The Zika vaccine hunt, using fetal tissue to study microcephaly, the politics of mosquito control, and microbes and strokes. This week in Abstract Science.
(Nature, 3/28/2016, Erika Check Hayden)
The race is on. The US National Institutes of Health is getting ready to manufacture a DNA-based vaccine against Zika, the first in a lineup of 13 candidates being developed to prevent transmission of the mosquito-borne virus that has been spreading through the Americas and may be linked to the rare birth defect microcephaly. Scientists attending a meeting this week in Bethesda say the candidate should be ready for testing by the end of the year. The vaccine uses bits of noninfectious genetic material from Zika to try and induce an immune response. This strategy has already been employed in a vaccine candidate developed for West Nile virus, which is also spread by mosquitoes.
(Foreign Policy Magazine, 3/29/2016, Laurie Garrett)
The United State’s chronically underfunded public health system—including locally-run mosquito control programs—is ill-prepared to control outbreaks of Zika. And the US Congress just made it worse by denying President Obama’s request for US$1.9 billion in special funds to fight the mosquito-borne virus. A thorough look at the meager resources that state and local health departments now rely on to keep mosquitoes under control.
(Nature, 3/30/2016, Erika Check Hayden)
One of the main mysteries about Zika is whether it causes birth defects, including abnormally small heads. Will using fetal tissue make it easier to establish such a connection? A California study carried out on donated fetal tissue found that a protein that helps Zika virus infect adult skin cells might also give the virus access to stem cells that make brain cells. The findings appeared this week in the journal Cell Stem Cell. This is the latest in a series of findings that point to the value of using fetal tissues in closing in on why a mosquito-borne once thought to be relatively benign has come to be associated with scores of cases of the rare birth defect, microcephaly. But such tissue may be harder to come by, as the collection and use of fetal cells comes under renewed scrutiny in the United States.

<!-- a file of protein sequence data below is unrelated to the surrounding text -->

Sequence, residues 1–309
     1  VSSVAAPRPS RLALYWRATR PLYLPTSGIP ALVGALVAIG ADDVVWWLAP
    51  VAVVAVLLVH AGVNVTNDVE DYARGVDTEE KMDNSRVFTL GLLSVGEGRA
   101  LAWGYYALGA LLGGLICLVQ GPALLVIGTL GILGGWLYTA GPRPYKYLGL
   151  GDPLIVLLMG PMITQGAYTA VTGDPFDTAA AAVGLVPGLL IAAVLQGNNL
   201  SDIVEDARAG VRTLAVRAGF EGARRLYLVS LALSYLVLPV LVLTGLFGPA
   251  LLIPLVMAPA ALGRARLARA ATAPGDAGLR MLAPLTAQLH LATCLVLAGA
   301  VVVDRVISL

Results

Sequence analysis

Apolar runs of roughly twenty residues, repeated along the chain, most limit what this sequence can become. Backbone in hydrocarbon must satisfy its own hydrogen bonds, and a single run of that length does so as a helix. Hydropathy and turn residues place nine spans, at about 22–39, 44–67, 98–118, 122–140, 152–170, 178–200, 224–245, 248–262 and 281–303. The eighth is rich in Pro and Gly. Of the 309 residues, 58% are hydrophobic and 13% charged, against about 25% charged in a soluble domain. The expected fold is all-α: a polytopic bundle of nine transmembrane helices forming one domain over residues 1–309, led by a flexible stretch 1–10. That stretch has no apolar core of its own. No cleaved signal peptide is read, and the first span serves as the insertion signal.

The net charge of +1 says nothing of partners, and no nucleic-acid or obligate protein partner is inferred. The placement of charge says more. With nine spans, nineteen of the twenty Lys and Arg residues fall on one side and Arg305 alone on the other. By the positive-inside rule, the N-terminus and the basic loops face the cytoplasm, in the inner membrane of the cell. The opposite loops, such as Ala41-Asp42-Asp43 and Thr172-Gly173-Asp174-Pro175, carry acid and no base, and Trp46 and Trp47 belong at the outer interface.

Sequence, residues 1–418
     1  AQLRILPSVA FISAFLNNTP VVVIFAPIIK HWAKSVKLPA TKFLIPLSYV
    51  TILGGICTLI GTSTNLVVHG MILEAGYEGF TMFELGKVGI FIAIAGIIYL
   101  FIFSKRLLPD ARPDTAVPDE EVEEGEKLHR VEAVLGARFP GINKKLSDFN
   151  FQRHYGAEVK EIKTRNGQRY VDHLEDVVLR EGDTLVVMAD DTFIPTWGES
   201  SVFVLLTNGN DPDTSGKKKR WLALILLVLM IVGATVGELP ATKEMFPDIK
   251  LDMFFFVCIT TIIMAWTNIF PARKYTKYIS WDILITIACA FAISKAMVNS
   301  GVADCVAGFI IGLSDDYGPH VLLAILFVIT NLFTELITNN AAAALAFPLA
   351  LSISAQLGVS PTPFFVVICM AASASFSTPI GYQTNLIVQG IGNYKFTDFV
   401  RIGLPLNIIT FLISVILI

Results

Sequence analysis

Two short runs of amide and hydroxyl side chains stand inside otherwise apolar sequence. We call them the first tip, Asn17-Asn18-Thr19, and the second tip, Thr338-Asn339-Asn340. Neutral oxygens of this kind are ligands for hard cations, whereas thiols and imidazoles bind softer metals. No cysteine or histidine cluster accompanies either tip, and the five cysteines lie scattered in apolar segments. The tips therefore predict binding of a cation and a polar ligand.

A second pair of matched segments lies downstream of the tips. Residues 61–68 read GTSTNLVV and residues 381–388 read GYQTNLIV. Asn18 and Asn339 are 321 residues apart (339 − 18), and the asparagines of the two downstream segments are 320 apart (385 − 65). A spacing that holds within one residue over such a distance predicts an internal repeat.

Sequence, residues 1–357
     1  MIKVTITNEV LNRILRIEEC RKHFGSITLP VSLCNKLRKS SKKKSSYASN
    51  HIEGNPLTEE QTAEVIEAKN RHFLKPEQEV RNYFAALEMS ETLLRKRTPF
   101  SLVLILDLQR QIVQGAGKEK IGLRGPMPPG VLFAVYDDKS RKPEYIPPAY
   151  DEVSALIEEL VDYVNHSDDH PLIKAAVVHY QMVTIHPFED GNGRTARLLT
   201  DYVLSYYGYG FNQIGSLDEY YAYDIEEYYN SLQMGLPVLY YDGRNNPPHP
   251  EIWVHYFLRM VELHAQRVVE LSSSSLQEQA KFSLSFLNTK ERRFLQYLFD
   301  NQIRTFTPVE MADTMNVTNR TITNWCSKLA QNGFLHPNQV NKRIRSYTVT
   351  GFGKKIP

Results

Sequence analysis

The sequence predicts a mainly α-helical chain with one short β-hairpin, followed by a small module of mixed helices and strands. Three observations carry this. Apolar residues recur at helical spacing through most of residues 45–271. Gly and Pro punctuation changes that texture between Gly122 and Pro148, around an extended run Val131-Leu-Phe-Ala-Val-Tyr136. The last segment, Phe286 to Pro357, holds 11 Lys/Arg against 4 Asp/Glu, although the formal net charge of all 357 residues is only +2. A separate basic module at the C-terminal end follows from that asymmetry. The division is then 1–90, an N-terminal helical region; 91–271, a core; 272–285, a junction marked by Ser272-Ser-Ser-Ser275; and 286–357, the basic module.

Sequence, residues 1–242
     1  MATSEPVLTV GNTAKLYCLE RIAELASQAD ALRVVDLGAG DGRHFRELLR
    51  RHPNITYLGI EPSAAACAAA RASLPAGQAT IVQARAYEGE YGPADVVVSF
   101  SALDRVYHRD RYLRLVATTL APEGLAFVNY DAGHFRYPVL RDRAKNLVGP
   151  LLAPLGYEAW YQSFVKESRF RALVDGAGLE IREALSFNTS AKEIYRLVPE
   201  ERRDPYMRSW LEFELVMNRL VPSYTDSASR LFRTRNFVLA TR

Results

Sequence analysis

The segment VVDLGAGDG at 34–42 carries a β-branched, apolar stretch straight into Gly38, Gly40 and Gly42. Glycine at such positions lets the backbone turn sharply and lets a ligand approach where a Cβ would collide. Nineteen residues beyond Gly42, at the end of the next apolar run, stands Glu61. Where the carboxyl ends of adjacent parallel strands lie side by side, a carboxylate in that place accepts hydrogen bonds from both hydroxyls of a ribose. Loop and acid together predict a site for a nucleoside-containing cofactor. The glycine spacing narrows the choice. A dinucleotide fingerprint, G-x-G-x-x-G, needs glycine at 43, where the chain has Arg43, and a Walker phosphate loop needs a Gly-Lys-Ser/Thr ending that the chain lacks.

(Scientific American, 3/30/2016, Jordana Cepelewicz)
A mouse study published this week in Nature Medicine suggests that striking the right microbial balance could cause changes in the immune system that significantly reduce brain damage after a stroke—the second leading cause of both death and disability for people around the globe. The study adds to a growing body of research linking them to a wide array of mental and neurological disorders—from anxiety and depression to schizophrenia and Alzheimer’s disease.
—Compiled by Senior Scientific Writer Regina McEnery